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Re: Negotiating compression

From: Matthew Kerwin <matthew@kerwin.net.au>
Date: Thu, 29 May 2014 17:36:59 +1000
Message-ID: <CACweHNATNc8K+yv7wcUj28C=r72FuX7MG9skFMbnL8WqenjkTg@mail.gmail.com>
To: Willy Tarreau <w@1wt.eu>
Cc: Simone Bordet <simone.bordet@gmail.com>, Martin Thomson <martin.thomson@gmail.com>, HTTP Working Group <ietf-http-wg@w3.org>
On May 29, 2014 4:40 PM, "Willy Tarreau" <w@1wt.eu> wrote:
> I tend to think that a failsafe, non-optimal fallback without the bells
> and whistles could significantly drive adoption. Devices could start by
> only supporting this minimal subset, and later implement the large one.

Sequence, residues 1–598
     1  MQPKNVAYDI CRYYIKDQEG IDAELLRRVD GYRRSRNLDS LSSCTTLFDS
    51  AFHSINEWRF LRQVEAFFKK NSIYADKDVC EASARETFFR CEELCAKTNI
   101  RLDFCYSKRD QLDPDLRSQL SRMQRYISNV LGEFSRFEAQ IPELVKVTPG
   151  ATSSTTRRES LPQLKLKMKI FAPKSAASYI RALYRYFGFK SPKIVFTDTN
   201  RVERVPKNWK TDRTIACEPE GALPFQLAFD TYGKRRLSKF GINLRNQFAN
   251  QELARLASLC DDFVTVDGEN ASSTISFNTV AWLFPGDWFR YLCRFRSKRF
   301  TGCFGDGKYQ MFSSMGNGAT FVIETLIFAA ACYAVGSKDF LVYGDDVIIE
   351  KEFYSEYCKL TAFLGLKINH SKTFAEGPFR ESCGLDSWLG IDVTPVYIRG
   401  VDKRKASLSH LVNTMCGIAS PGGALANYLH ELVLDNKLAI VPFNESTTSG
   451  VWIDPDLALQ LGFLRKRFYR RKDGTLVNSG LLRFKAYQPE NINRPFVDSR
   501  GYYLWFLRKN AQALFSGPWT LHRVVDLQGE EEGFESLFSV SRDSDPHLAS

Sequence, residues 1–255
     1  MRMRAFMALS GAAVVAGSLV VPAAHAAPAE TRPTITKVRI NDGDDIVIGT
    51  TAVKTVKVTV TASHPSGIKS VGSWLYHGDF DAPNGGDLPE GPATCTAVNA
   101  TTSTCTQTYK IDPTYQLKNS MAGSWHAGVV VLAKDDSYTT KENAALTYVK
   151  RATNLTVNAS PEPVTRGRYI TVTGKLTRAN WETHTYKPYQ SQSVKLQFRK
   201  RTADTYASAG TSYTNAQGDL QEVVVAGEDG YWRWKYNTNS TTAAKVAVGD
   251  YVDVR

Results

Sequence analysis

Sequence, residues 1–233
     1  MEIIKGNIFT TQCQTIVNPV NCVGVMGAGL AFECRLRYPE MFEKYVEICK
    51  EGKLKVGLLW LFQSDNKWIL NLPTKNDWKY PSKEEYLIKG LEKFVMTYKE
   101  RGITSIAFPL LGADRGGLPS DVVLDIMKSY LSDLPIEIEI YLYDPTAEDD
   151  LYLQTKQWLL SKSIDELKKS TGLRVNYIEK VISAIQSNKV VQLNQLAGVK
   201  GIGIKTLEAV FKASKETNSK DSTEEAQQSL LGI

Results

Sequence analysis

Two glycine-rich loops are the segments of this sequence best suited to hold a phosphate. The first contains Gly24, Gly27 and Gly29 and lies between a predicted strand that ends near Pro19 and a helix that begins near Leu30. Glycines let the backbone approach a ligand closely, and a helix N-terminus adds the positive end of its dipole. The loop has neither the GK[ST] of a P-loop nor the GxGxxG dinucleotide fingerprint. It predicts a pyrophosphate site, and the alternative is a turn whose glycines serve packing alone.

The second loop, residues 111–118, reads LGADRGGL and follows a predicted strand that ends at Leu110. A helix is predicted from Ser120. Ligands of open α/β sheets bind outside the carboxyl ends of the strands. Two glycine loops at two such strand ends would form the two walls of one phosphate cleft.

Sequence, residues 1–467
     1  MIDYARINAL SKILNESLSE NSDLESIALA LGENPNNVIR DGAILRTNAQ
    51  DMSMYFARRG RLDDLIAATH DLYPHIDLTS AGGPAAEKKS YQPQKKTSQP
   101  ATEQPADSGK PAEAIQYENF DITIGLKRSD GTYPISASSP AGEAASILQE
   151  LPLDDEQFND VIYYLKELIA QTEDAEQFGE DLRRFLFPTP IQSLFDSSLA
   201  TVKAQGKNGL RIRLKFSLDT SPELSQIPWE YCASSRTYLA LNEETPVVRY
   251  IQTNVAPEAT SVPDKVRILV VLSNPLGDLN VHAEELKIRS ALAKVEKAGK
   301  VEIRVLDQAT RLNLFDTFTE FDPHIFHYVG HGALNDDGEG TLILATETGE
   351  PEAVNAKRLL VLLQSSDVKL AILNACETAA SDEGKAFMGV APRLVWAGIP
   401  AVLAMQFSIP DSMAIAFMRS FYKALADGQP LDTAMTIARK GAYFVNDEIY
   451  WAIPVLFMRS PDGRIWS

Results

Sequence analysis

> These ones could be advertised in the ALPN name (h2 = failsafe, h2h =
> hpack version for example) so that we don't need an extra round trip
> to know what is supported.

I'm happy with this idea, as long as it doesn't start to do the
multiple-permutations or alpn-token-per-feature thing. How does it interact
with h2c, for example? (I'd suggest h2c implies h2h, and no fourth
variant.) I guess it's safe as long as there are no other non-negotiable
features *coughgzipcough* , or things that need a settings rtt to disable,
that need to be avoided independently from HPACK.

Perhaps it would be better to use h2f for failsafe mode, to make it clear
that h2 is the benchmark, and h2f is an acceptable variant/subset. It's
more of an all-or-nothing approach that way. It also fits the "add a
letter, remove a feature" pattern established with h2c and security.
Received on Thursday, 29 May 2014 07:37:33 UTC

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